Multi-Joint Exosuit Helps Wearers Run and Walk

Multi-Joint Exosuit Helps Wearers Run and Walk

Wyss Institute

Exosuits or exoskeletons, have seen a lot of developments in the past couple of years: car manufacturers have added them to their list of expenses, as they help their staff avoid injury and the army has been looking into them for years. 

More recently, a new type of exosuit has made an appearance: one that is worn much in the same manner you would wear a pair of shorts. The lightweight exosuit was developed by an U.S team led by Harvard University’s Wyss Institute for Biologically Inspired Engineering. The team detailed the project in the journal Science. The exosuit, or exoshorts, if you want, assists the wearer in both running and walking. 

According to project leader Conor Walsh, “This is the first time a research group has created a wearable robot that can help more than one activity.

Exosuits have seen an emergence mostly thanks to physical rehabilitation centers, who have used and improved them extensively through the years and the Wyss team previously worked on one as well. That suit was designed with just one purpose in mind: to help people who had suffered strokes to recover.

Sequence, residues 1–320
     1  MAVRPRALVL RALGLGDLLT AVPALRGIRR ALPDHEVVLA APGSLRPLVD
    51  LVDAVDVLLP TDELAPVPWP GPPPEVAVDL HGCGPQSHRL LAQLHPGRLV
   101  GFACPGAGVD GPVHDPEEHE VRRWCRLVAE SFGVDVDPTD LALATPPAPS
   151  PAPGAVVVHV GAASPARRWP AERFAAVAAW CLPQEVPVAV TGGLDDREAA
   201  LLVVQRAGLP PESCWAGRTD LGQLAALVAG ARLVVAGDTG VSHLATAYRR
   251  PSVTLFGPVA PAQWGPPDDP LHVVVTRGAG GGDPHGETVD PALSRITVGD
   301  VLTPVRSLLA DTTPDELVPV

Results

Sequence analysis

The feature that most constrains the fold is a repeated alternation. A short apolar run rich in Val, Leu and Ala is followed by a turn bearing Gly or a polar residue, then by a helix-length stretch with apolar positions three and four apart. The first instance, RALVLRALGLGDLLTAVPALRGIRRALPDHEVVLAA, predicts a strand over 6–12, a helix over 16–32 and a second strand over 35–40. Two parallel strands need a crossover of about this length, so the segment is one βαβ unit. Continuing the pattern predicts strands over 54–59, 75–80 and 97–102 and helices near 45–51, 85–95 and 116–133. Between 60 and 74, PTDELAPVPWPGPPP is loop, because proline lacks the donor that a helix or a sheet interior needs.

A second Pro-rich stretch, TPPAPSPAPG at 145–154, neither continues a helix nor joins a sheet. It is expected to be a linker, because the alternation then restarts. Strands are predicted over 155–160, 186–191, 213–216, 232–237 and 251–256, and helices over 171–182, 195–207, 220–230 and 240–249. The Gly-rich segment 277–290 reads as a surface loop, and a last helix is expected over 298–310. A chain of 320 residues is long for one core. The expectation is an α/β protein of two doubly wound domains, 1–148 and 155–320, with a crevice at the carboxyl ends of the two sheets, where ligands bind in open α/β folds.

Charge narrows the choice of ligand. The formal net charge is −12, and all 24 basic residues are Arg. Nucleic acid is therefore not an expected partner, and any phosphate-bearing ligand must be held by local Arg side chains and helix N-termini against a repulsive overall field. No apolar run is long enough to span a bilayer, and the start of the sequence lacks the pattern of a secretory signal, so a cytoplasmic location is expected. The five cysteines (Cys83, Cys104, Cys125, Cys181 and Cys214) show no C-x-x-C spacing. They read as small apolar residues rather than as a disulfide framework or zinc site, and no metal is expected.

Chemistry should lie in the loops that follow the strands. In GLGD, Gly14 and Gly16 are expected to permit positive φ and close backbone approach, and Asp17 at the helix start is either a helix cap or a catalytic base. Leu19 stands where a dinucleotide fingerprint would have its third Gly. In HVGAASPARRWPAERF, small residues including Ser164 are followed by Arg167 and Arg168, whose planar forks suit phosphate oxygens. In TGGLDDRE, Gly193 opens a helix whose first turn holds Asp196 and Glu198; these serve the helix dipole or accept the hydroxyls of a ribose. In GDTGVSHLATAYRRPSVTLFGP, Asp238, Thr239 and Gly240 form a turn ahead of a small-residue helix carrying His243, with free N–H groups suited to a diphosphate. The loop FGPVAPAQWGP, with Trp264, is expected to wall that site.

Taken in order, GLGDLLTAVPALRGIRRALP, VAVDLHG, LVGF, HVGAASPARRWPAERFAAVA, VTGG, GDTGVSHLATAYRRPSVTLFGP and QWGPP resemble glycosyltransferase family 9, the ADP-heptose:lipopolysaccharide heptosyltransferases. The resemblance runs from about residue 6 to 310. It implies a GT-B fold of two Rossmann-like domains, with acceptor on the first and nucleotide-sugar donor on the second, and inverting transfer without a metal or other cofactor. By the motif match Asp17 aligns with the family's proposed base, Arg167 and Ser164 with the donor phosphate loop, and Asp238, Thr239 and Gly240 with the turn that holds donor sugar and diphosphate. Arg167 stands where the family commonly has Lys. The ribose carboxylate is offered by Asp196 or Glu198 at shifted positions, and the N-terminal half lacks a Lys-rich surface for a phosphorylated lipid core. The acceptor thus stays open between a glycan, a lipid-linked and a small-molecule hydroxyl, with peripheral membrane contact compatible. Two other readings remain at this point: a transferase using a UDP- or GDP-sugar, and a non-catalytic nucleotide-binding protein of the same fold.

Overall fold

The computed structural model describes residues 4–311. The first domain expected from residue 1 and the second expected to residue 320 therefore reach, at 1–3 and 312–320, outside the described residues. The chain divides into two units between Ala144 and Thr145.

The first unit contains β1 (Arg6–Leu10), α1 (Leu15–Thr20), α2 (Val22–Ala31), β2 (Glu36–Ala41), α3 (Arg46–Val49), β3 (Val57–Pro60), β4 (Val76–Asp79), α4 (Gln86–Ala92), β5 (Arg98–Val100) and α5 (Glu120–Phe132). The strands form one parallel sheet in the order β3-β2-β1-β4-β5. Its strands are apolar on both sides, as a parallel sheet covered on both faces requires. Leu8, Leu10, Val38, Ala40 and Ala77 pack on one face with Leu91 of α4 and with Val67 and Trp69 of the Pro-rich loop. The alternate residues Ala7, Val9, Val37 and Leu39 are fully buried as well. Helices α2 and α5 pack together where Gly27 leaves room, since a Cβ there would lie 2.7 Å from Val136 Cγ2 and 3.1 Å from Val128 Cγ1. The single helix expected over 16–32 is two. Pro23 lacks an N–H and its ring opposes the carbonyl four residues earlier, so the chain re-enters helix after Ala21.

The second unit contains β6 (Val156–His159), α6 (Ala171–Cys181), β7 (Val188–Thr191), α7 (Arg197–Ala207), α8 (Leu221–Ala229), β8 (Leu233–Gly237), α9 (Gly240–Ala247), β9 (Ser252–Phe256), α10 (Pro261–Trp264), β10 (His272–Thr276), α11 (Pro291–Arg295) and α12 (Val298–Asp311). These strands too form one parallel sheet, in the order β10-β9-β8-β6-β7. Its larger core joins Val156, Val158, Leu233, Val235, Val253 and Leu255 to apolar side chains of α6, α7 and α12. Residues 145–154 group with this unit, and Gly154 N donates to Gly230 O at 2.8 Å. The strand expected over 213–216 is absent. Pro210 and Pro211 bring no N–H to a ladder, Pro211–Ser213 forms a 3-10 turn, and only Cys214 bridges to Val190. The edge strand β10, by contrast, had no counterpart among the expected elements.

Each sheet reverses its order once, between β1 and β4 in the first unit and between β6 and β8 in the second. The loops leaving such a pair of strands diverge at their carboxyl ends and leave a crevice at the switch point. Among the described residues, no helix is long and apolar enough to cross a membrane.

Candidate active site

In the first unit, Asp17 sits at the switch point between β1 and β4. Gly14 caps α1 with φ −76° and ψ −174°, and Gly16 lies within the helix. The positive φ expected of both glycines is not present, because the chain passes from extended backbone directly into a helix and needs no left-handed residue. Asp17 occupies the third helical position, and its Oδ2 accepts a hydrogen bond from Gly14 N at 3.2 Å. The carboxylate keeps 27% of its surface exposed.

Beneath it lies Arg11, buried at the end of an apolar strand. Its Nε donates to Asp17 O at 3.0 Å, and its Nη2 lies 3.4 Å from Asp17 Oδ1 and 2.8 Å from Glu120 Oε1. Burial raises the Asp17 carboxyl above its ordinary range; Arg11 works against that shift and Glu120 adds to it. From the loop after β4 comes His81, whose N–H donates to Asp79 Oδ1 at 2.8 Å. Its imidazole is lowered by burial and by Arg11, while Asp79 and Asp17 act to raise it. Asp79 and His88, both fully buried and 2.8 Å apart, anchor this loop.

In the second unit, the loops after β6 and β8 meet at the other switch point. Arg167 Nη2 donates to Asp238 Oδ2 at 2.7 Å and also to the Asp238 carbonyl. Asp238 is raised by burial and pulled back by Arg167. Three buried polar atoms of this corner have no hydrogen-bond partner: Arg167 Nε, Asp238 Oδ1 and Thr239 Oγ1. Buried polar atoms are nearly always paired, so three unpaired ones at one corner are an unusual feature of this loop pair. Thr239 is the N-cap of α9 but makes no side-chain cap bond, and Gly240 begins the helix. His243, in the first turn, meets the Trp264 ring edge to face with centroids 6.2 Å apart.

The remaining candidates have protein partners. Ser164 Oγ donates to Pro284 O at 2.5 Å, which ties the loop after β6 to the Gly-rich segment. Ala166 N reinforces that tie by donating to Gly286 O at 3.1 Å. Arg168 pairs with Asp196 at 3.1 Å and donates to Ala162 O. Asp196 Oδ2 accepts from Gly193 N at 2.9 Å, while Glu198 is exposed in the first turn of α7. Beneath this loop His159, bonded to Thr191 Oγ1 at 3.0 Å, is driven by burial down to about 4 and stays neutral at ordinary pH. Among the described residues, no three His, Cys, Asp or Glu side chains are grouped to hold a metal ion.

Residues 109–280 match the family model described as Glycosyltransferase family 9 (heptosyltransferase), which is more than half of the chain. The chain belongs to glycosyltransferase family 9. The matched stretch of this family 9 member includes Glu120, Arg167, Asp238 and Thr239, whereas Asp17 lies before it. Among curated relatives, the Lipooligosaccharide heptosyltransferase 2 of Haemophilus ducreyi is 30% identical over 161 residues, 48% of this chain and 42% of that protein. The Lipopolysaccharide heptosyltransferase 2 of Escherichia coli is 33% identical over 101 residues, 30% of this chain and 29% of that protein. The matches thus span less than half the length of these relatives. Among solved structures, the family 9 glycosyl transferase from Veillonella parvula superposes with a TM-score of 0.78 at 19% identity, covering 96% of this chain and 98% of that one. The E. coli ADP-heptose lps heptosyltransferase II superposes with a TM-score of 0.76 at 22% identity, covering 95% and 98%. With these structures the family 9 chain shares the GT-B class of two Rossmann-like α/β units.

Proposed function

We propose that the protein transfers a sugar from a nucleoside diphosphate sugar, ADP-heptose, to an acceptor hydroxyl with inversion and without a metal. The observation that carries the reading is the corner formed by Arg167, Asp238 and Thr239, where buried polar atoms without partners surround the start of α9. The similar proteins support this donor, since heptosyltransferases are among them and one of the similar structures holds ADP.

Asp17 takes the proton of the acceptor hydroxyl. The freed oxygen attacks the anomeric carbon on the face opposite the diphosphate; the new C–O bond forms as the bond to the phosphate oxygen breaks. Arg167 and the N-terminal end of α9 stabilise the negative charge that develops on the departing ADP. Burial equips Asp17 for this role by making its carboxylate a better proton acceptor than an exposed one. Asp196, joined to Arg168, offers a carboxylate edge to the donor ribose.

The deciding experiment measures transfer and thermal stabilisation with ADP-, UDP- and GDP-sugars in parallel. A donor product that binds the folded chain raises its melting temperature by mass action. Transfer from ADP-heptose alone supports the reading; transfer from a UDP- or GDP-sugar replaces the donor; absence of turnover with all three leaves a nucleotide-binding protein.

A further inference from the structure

However, this new project, co-founded by the U.S military via the Warrior Web programme, plans to produce exoskeletons that can help soldiers walk across long distances without too much fatigue, without giving up on the added weight they have to carry in the shape of backpacks and other necessities. Of course, these soldiers might also have to start running, at some point or another and that is where the tricky part came in. 

Combining walking and running into just one single device of this kind is a challenge because of biomechanics. Wyss came up with the idea of a motion sensor, which was attached to the skin of the upper leg. The suit detects the gait of the wearer thanks to this sensor and the information it receives from it is then processed via an actuator set on the lower back, which, in turn, provides them with the necessary assistance. 

The device, when tested, performed well in both uphill running and during different running speeds. While the results were encouraging, the Wyss team still has to figure out one more thing: how to make it lighter. 

Currently, the exoskeleton weighs about 5Kg and, because they intend to make it available not only for soldiers but for hikers as well, they are still working on coming up with new ideas on how to reduce weight. 

While the metabolic rates are still modest, they do show that, in the near future, we could rely on these sort of exosuits to make our work easier and apply less stress on our joints. 

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